A new Associated Press poll says that race relations have worsened in the last four years, with a higher percentage of Americans now expressing “openly racist” attitudes towards blacks.
Racial attitudes have not improved in the four years since the United States elected its first black president, an Associated Press poll finds, as a slight majority of Americans now express prejudice toward blacks whether they recognize those feelings or not….
Racial prejudice has increased slightly since 2008 whether those feelings were measured using questions that explicitly asked respondents about racist attitudes, or through an experimental test that measured implicit views toward race without asking questions about that topic directly.
I don’t believe the results or the methodology behind them, let alone the objectivity of those charged with measuring “implicit views.” Such polls have been published for years, though the ones that find whites feeling more put upon are usually ignored or dismissed.
But for sake of argument, let’s stipulate that anti-black racism is more prevalent in 2012 than in 2008. Why would that be?
Maybe because for four years we’ve heard that criticizing the policies of a president who promised to “fundamentally transform” the country that a lot of people liked as-is constitutes racism.
On Thursday, August 16th, Toure a co-host of The Cycle on MSNBC said that Romney is engaging in the “niggerization” of the campaign. Romney’s crime? Saying that Obama should “take his campaign of division and and anger and hate back to Chicago.” …
Just about a week before that instance, Matthew Rothschild of The Progressive has an article titled “Romney Goes Racist on Welfare”. What was Romney’s crime this time? Criticizing Obama for waiving legally unwaivable provisions in the welfare reform law. See, according to Rothschild, Romney is only bringing up this issue ” to appeal to white working class voters who can be swayed by not-so-subtle racist innuendo.”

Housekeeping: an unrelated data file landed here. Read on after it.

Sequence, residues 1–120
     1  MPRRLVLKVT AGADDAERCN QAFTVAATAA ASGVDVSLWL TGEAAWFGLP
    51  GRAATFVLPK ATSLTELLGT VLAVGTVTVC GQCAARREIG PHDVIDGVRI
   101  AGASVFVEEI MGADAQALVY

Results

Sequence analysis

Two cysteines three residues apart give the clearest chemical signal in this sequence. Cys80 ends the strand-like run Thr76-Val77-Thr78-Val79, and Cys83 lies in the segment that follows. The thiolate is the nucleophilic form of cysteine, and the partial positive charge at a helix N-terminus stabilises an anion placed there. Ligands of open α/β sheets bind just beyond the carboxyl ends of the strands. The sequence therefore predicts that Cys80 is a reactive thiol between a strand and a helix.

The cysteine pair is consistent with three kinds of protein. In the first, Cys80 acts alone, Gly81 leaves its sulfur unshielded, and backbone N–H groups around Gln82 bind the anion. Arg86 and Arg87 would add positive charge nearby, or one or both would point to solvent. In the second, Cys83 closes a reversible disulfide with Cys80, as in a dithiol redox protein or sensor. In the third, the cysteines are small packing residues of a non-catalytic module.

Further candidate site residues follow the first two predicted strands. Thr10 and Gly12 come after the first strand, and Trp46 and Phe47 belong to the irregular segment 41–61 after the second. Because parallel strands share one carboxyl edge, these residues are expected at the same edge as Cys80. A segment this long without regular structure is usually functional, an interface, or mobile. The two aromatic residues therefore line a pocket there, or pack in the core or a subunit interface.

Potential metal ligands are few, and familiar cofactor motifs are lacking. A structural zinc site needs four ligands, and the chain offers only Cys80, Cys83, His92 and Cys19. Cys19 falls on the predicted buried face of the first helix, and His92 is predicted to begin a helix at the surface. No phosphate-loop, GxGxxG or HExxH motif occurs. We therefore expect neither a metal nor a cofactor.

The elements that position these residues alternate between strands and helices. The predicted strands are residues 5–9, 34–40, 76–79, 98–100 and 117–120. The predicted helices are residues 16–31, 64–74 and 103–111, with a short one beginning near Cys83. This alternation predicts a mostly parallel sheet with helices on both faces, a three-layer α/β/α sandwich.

In this insane Mobius strip, we’re then instructed that objecting to such character assassinations is another self-evident form of racism, even if it’s hiding inside an imaginary dog whistle:
On Wednesday, MSNBC host Chris Matthews tackled a variety of, what he views as, persistently racial memes and insensitive attacks directed at President Barack Obama from the right. After detailing a series of attacks on the president from a number of prominent Republicans, Matthews chastised those who criticize him for seeing racism in questionable places. He said that those who disagree with him on that matter are “dead wrong” and “dangerous.”
Though “shuck and jive” long ago entered America’s mainstream lexicon (see Jimmy Webb’s excellent song of four decades ago, Mr. Shuck and Jive, almost certainly written about a white man), to apply the term now as a description of the president’s obfuscations about Benghazi brings cries of racism…from those who themselves use it.
Oh, and let’s not forget that the Trayvon Martin killing is supposedly Exhibit A for America’s “War on Young Black Men,” despite statistics proving that that blacks are many times more likely to be killed by blacks than they are by whites. (See Chicago on any given weekend, if that’s not a racist dog whistle.)
The civil-rights establishment has too much (money and influence) at stake to acknowledge that America 2012 isn’t Mississippi 1955, which explains why so-called “civil rights leaders” play a shell game with white America’s overwhelming acceptance of Martin Luther King’s call to judge people by their character instead of skin color. Hence, the bad old days magically become the good old days:
Under segregation we built and were in charge of our own institutions. We ran our own schools, built our own banks, and started our own colleges. Under segregation we did not have to use words like “role models” because that’s what everyone was in the African American community. In my neighborhood, Duke Ellington, James Baldwin, Thurgood Marshall, Adam Clayton Powell, Jr., Malcolm X, Jackie Robinson were everyday common occurrences on our streets. When integration came, it meant that that those who could afford it and qualified were integrated into white society, while the rest stayed behind. Thus we needed role models. When integration occurred, the black leaders of the black community integrated into the white community. But they were never allowed to hold the same positions of leadership and power that they held in the black community.